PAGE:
A Guide to Marketing Your Bike Shop Locally
If the previous few years have taught retailers anything, it’s that the world of online marketing is not something to be feared. Rather, it presents an opportunity to harness the power of social media, utilise customer-led marketing, and encourage greater engagement and communication between your business and your customer.
But what many smaller retailers often fail to do is create a cohesive experience that bridges the gap between online and offline - and when your competition happens to be some of the biggest bike brands on the market, that can mean the difference between success and failure.
In this updated guide to marketing for 2023, we share facts, tips, and insight into exactly how you can use both online and offline marketing tools to reach the right audience - and sell more bikes!
Has your business got legs (or should I say, wheels)?
For small businesses and retailers, it can be tempting to stick with what you know and market through leaflets and local community groups - relying on an existing core customer base to share your brand name and tell others what you do.
But with Google releasing an updated version of its ‘Google Business Profiles’ platform, which specifically uses location to refine customers’ searches and results, the big world of online marketing can actually produce very successful, very local results.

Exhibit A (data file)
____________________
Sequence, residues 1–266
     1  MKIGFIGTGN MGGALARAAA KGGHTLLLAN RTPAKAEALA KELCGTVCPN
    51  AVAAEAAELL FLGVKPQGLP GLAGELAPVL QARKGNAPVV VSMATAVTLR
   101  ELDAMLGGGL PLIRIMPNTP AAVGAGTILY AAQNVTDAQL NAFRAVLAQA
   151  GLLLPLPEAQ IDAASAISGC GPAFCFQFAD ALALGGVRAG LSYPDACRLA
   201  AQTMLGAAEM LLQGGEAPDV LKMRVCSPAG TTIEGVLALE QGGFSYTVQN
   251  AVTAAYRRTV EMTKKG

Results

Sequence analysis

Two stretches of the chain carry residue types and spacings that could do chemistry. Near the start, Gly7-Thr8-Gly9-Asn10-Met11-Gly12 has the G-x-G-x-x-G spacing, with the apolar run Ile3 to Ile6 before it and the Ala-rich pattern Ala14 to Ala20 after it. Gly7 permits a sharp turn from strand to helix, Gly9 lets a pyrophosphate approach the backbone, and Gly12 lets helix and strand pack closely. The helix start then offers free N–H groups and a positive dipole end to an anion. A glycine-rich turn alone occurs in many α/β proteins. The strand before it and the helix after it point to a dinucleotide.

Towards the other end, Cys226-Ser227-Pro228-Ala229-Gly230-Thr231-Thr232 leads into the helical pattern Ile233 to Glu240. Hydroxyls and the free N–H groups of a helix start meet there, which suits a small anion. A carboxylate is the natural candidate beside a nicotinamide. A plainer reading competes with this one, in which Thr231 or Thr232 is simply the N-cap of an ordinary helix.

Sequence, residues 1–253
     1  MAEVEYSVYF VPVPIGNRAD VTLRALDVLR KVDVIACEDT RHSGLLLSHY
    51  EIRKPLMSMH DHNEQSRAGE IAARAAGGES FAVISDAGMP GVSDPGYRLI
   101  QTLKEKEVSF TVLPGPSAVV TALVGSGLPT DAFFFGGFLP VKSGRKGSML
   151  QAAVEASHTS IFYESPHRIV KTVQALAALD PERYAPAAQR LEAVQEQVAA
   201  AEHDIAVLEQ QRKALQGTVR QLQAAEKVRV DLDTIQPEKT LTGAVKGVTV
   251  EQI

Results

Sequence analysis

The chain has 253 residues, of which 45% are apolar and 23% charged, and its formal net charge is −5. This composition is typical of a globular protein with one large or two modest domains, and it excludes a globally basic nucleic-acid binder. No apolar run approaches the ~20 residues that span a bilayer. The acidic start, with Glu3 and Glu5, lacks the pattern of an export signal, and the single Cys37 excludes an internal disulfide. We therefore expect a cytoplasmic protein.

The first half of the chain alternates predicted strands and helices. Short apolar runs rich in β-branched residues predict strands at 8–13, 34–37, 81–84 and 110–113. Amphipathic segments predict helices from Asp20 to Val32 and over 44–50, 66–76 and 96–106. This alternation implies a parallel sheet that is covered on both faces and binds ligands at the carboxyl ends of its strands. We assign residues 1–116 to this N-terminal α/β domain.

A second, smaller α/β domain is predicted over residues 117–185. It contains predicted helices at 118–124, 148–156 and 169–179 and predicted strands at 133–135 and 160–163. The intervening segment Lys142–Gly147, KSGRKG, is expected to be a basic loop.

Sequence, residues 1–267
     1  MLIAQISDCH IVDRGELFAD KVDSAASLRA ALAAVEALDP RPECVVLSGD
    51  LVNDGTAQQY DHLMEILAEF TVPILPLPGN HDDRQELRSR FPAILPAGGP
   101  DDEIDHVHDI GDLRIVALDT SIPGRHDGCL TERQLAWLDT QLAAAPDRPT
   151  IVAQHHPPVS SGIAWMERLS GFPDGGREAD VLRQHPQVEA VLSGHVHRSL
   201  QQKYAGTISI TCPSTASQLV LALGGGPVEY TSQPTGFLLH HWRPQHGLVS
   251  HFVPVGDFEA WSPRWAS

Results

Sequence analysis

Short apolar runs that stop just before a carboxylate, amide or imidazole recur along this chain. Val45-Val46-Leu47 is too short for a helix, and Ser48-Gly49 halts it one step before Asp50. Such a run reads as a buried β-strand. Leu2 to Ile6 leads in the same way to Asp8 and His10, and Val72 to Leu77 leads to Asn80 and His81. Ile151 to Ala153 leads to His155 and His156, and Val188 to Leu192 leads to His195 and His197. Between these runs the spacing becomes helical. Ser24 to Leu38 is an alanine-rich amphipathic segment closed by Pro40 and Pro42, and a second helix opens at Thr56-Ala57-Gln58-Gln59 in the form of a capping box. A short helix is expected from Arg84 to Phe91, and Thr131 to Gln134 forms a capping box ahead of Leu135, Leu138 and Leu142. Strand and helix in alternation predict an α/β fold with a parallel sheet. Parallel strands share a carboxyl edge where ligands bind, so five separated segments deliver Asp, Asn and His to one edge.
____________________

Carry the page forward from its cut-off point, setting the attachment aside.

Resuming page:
Let’s take a closer look.
In 2021, 21% of consumers surveyed said that they used the search function on their phone to find a local business on a daily basis. Not only that, but with sustainability and customer experience now key players in a customer’s motivation for purchase and decision making, shopping locally has become a movement that is here to stay. All the clues point towards local retailers being more in demand than ever.
But how do you branch out and use online tools to reach and engage with that local audience?
It all comes down to your strategy and the way you use your various marketing platforms to create a relationship with your target audience - replicating the in-store experience, in an online setting.
Local, National or Global?
This is an interesting place to start because it encourages us to reconsider the way that we, as consumers, use the internet - in particular search engines. If you were a global business operating on a mass market scale, your marketing strategy would be geared towards capturing any user that is searching for information or retailers in the cycling sector.
As a local business, the chances are that you don’t want to be shipping all over the world - nor do you want your website traffic to be skewed by international users who will simply click to your site, realise where you are based, and leave again. That’s where your strategy comes into play.
Selecting keywords for your SEO plan which link your business to the local area will help to ensure that you are appearing high up in the search results for those users that matter. Remember that users are, more often than not, searching on their phones - so tailor your keywords towards local queries that a user is likely to type or dictate to their phone.
“New bike in …“, “Bike shop in…” and “Closest bike shop to me” are all big ones to focus on.